Running through both of these periods, the staunch American support of Israel has attracted criticism from many quarters.

JLeslie's avatar

@bookish1 Reading your answer also had me thinking about the fact that we are the only country that has dropped an atomic bomb. I think that is one more piece for people who see us as war mongers. Add in we want to prevent other countries from going nuclear. From the outside I can see how that can be twisted into believing the US wants to control the world.

josie's avatar

I won’t accept the premise.

I’ve had an opportunity to be in a lot of strange places on Earth, and American hating Americans might be surprised to know that most people on Earth hold a grudging respect for Americans.

It is certainly fashionable in some circles to vigorously gripe about the Americans, and not without reason. But in the same breath, most people dread the thought of a world without the Americans.

The only real live hatred for America that I have experienced (besides right here at home) is in the Islamic Middle East, and the horn of Africa. And everybody already knows what that is all about.

rooeytoo's avatar

Great phrase @josie, grudging respect, not always vocalized is the way I see it as well. As usual though, the minority, the vocal minority are the ones we hear.

In Australia they have what they call the Tall Poppy Syndrome. It means anyone who excells above the mediocre majority is targeted. I see it all the time, my mother would have called it jealousy and envy. When I hear aussies badmouthing, I tell them being a little country on the other side with very little impact on the rest of the world has its advantages!

Where does everyone come when they want aid of any sort? USA of course. So I guess we just have to remember, sticks and stones, etc. and get on with business.

Blondesjon's avatar

When you’re on top a lot of folks want to knock you down.

Mr_Paradox's avatar

The reasons that people hate the US is long and complicated list. You can’t really boil it down very well. However I will try. Muslims hate us because a few power hungry individuals made them believe that the US was attacking Islam (like Europe during the Crusades) and they instituted a defensive jihad. The reason many African countries hate us is because the warlords that control the governments hate us for trying to bring them down. Iran hates us for religious, economic, and political reasons. Other countries just hate the US on reasons of principal.

ETpro's avatar

@josie There’s a lot of anti American sentiment in Central America, South America, Russia and the former Soviet Block nations and parts of Asia as well. Mostly places off the beaten track that Americans who have traveled extensively would be likely to have visited.

bkcunningham's avatar

Just take Central America from your statement, “There’s a lot of anti American sentiment in Central America….”, @ETpro. Central America is made up of Belize, Costa Rica, El Salvador, Guatemala, Honduras, Nicaragua, and Panama. Is or are there a particular country or countries out of this group where you’ve seen or heard a lot of anti American sentiment? I’ve traveled extensively in about five of those countries and haven’t seen it and I have several friends from three of the countries and they aren’t aware of a lot of anti American sentiment either. Can you pinpoint it a little more preciously as to what you’ve seen and where you’ve seen it in Centreal America.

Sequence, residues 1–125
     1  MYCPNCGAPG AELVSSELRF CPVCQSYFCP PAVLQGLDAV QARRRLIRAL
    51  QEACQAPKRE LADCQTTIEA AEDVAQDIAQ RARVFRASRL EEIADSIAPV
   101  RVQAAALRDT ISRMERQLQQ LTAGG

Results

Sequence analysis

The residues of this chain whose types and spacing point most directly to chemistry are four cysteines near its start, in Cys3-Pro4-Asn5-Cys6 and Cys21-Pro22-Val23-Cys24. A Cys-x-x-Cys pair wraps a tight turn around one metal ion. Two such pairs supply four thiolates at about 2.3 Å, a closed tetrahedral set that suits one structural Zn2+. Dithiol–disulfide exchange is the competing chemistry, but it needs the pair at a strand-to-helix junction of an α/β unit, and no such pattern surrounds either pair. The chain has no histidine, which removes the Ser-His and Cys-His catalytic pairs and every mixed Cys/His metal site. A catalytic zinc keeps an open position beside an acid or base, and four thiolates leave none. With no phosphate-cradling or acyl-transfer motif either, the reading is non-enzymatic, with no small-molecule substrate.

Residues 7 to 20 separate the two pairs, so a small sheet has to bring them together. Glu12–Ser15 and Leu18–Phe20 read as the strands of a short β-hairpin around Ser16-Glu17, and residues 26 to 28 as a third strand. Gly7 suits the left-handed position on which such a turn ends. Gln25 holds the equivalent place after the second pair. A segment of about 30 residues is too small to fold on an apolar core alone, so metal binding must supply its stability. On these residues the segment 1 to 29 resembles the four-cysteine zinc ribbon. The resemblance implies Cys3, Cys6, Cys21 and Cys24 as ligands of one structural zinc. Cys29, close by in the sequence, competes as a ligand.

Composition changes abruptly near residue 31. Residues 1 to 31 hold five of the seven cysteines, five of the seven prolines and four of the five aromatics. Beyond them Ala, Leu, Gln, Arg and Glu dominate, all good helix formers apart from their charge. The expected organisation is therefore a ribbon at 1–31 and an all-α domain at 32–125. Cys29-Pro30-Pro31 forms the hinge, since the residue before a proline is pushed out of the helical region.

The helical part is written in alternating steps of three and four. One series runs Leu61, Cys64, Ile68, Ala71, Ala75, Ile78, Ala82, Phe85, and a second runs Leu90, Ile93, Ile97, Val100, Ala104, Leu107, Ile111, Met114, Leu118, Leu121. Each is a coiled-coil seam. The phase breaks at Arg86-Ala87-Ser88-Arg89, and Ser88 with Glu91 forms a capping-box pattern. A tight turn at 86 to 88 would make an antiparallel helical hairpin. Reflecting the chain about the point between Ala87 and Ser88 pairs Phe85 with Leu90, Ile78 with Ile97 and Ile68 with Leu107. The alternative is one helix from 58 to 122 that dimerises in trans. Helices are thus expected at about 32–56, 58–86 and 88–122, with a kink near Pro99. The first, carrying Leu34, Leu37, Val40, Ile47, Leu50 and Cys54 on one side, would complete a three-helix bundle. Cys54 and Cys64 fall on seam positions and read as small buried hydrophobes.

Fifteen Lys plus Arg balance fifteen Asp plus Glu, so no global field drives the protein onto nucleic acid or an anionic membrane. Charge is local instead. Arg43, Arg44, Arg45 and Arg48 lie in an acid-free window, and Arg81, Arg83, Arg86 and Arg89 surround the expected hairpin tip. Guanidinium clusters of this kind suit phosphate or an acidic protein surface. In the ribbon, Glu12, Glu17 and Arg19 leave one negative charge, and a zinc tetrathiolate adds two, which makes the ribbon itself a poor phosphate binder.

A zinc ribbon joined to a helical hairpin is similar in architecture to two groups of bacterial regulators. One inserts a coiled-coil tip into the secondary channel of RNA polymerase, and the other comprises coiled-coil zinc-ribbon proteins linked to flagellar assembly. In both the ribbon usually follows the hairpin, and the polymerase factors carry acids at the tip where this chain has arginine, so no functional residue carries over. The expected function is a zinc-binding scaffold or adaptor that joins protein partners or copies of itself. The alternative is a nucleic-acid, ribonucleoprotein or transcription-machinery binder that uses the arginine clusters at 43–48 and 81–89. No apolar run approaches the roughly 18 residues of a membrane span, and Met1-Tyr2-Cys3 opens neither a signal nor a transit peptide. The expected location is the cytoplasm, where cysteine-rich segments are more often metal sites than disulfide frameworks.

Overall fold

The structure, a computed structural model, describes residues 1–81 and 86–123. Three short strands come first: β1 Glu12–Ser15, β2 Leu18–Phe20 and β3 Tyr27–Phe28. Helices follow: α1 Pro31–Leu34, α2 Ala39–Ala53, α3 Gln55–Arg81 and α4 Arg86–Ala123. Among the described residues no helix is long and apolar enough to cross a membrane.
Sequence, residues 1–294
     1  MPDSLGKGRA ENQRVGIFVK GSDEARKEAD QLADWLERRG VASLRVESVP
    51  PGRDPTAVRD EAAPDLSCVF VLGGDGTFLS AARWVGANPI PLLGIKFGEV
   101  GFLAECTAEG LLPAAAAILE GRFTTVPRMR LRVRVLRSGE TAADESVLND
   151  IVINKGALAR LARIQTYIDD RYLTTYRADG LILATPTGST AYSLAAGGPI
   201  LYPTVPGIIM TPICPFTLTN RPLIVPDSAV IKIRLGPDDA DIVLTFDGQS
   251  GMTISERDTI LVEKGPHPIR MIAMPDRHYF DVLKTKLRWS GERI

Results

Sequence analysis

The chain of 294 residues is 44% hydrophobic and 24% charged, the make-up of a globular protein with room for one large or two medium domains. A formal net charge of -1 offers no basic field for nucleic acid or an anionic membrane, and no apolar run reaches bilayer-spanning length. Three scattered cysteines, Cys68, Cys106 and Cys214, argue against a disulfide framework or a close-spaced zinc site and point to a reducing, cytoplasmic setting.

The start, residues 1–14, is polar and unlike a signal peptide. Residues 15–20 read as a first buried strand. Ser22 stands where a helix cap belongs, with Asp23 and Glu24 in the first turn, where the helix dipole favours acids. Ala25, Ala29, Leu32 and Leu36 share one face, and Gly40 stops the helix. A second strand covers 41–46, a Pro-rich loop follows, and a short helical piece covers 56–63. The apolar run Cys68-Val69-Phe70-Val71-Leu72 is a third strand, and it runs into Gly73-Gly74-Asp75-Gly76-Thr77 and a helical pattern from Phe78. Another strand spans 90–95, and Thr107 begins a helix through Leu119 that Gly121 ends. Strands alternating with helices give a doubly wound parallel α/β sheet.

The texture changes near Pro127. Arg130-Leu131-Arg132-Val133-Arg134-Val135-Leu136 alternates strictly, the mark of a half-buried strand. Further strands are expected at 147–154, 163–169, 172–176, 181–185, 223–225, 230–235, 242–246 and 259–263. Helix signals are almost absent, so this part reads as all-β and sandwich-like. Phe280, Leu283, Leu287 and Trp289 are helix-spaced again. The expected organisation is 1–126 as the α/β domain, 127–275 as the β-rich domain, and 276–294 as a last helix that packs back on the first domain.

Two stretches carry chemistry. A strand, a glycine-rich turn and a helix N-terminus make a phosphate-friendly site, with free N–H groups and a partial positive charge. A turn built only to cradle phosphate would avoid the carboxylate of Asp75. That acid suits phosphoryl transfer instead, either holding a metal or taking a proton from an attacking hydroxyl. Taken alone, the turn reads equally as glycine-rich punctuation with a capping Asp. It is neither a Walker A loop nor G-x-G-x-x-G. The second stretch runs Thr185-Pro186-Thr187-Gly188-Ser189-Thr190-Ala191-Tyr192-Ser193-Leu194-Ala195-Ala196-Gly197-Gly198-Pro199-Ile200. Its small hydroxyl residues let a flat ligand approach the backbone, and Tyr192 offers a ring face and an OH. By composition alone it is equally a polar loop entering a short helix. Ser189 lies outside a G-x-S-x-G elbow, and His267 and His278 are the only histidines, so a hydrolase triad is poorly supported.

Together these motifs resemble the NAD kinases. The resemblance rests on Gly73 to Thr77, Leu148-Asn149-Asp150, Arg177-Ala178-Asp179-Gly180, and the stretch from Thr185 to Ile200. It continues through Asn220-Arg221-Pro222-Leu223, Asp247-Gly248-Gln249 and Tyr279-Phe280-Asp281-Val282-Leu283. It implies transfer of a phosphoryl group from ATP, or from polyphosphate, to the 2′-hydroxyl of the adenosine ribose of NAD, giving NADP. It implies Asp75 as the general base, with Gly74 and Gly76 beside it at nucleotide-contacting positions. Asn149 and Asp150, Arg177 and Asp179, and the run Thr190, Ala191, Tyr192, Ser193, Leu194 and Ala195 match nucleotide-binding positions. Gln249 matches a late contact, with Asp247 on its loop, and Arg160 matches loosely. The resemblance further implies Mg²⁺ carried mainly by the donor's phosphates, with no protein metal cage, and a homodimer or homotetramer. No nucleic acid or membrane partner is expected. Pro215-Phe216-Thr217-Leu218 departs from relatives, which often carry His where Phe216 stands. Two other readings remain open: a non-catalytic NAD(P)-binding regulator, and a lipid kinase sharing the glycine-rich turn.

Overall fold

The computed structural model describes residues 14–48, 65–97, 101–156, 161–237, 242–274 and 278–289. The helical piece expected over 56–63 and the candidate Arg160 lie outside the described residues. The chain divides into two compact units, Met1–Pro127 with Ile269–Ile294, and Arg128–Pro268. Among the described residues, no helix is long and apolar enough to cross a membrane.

Mr_Paradox's avatar

@ETpro has a point about Central America, we did support a brutal regime in Nicaragua during the cold war.

bookish1's avatar

@Mr_Paradox : Don’t forget Chile, Guatemala, I am probably ignorant of other places. Better dead than ‘red’, ya know…

El_Cadejo's avatar

@bkcunningham I lived in Belize for a while and never had any animosity toward me for being an American but a great many people I met were very unhappy with the country. Guatemala on the other hand I met a lot of people with anti american sentiments and a few that either just gave me dirty looks or flat out insulted me fore being an American.

bkcunningham's avatar

Why were they unhappy with the country, @uberbatman? It just astounds me that, just taking the Central America example, there are some 2.9 million immigrants in the US from Central America alone and they don’t like the country. Does that sound like a population that expresses “a lot of anti American sentiments”?

El_Cadejo's avatar

@bkcunningham Most Belizeans seemed very upset with the US because in one sense they act to be an ally of the country but at the same time constantly support Guatemala in it’s border issues with Belize since the US stands to gain more with Guat as an ally over Belize. Guatemala claims Belize isn’t a legitimate country and all that land is actually theirs due to the treaty of tordesillas. The US has also pushed quite hard for rights to drill on Belize’s reefs for oil(something almost every Belizean I met was very much against). There are plenty of cases of US organizations coming into Belize and paying off the gov to build various structures or develop lands that otherwise would be off limits. (I realize this isn’t the US gov but the people still perceive this as issues with the US) The US has pushed their will on Belize’s government and laws in more way than one.